Riders board the RapidRide E, which gets a big boost from the STBD, on Third Avenue in Downtown Seattle. (Photo by Doug Trumm)
Riders board the RapidRide E, a route that gets a boost from the Seattle Transportation Benefit District, but could still use reliability improvements. (Photo by Doug Trumm)

The Seattle City Council will decide the fate of the Seattle Transportation Benefit District (STBD) on July 27th. The Urbanist has partnered with Seattle Subway in a letter-writing campaign urging the City Council to support Councilmember Tammy Morales’ amendment doubling the size of the STBD renewal measure.

Without Morales’ amendment, service cuts will be deep, people who rely on the bus will suffer greatly, and our climate goals will surely stagnate. Please send a letter to the Mayor and Councilmembers via this easy Action Network tool.

Our existing STBD, which passed with 62% of the vote in 2014, is set to expire at the end of 2020. Thanks to Initiative 976’s narrow statewide victory, funding options are limited. The vehicle license fee (better known as car tabs) that had been the STBD’s mainstay is in jeopardy pending the Washington Supreme Court’s decision, and the sales tax is what we’re left with that can be implemented immediately.

Mayor Jenny Durkan had proposed only renewing the existing 0.1% sales tax rather than raising new revenue to make up for lost car tab revenue. That would mean a shrinking of STBD bus service hours from more than 300,000 to just 75,000 annually–a staggering 75% cut that would turn Seattle’s 10-minute frequent bus network into a 15-minute network and risk route cuts. That would mean longer waits for the bus, less ridership, and less progress on climate goals.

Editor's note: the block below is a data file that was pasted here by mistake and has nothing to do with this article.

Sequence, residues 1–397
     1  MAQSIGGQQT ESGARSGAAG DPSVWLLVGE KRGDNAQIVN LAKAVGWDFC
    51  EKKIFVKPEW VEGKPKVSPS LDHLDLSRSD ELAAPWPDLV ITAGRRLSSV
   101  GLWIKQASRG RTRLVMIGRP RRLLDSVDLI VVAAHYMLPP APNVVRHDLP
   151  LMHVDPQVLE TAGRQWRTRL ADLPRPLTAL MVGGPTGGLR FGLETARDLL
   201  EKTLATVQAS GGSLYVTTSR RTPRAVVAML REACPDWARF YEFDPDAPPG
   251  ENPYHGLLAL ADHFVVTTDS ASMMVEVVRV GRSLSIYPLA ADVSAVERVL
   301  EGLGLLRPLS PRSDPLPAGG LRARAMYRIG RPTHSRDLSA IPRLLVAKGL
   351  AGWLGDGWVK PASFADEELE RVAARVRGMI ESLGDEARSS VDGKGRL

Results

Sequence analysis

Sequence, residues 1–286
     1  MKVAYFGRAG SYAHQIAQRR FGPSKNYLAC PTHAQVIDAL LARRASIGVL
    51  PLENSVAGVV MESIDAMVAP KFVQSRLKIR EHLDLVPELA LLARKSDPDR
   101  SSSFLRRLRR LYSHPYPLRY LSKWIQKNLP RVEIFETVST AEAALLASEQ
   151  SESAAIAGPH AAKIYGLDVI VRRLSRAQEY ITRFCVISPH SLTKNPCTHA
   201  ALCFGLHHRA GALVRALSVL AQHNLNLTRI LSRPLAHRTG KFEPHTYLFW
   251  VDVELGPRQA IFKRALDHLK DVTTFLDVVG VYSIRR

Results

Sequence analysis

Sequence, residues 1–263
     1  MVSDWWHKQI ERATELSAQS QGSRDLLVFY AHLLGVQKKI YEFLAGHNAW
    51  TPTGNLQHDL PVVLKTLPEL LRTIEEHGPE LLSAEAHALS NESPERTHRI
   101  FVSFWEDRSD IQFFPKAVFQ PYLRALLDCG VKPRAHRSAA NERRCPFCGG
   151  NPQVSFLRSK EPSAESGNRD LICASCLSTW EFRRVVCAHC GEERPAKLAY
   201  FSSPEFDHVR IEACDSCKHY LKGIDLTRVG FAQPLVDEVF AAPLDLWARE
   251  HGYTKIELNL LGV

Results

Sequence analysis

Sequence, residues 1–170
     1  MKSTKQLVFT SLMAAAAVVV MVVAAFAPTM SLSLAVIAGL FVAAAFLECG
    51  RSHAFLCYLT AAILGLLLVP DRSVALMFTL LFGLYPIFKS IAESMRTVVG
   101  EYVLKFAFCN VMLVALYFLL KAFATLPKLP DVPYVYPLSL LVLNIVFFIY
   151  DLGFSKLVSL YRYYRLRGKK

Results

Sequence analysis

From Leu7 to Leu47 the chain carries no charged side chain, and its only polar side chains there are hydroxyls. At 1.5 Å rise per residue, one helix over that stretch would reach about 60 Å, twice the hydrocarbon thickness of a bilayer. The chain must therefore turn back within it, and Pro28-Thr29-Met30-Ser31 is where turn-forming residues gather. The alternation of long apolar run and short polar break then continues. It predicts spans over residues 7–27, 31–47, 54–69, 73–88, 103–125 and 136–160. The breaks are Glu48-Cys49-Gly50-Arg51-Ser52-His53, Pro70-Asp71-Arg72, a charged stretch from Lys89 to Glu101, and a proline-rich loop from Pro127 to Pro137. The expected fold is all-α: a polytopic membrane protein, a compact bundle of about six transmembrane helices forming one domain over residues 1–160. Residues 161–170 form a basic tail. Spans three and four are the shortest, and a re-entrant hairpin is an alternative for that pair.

With the Mayor waiting until July 7th to finally release her STBD proposal, the Seattle City Council didn’t have much time to finetune it. Councilmember Tammy Morales stepped in to offer an amendment that would add another 100,000 bus service hours by increasing the sales tax from 0.1% to 0.2%. The Seattle City Council must pass this amendment when it takes up the legislation on July 27th to ensure we do not see massive transit cuts.

Seattle's "Very Frequent" Transit Network has served 70% of the city's population with 10-minute service in a 10-minute walkshed, but shrinking the STBD would erase that progress. (SDOT)
Seattle’s “Very Frequent” Transit Network served 70% of the city’s population with 10-minute service in a 10-minute walkshed in 2019, but shrinking the STBD would erase that progress by downgrading bus frequencies. (SDOT)

As a four-year measure, the STBD sales tax can be replaced in 2024 with a more progressive tax that is countywide–or we could act sooner if our politicians get their act together. For now, it’s urgent we plug this hole in transit funding that Tim Eyman created. Otherwise we’d be letting Eyman and his ilk win.

The Covid-19 pandemic has temporarily decreased transit demand, but we’re going to need to be prepared to ramp up as our economy picks back up, and we need to continue to provide quality service to people who rely on transit–many Seattleites do not own a car and the share of car-free households is only growing. Locking in transit cuts for four years is no way to respond to a crisis.

We must pass Councilmember’s Tammy Morales’ amendment doubling the size of the STBD. Let’s save transit from the chopping block. Here again is the link to send a letter.

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Doug Trumm is publisher of The Urbanist. An Urbanist writer since 2015, he dreams of pedestrianizing streets, blanketing the city in bus lanes, and unleashing a mass timber building spree to end the affordable housing shortage and avert our coming climate catastrophe. He graduated from the Evans School of Public Policy and Governance at the University of Washington in 2019. He lives in East Fremont and loves to explore the city on his bike.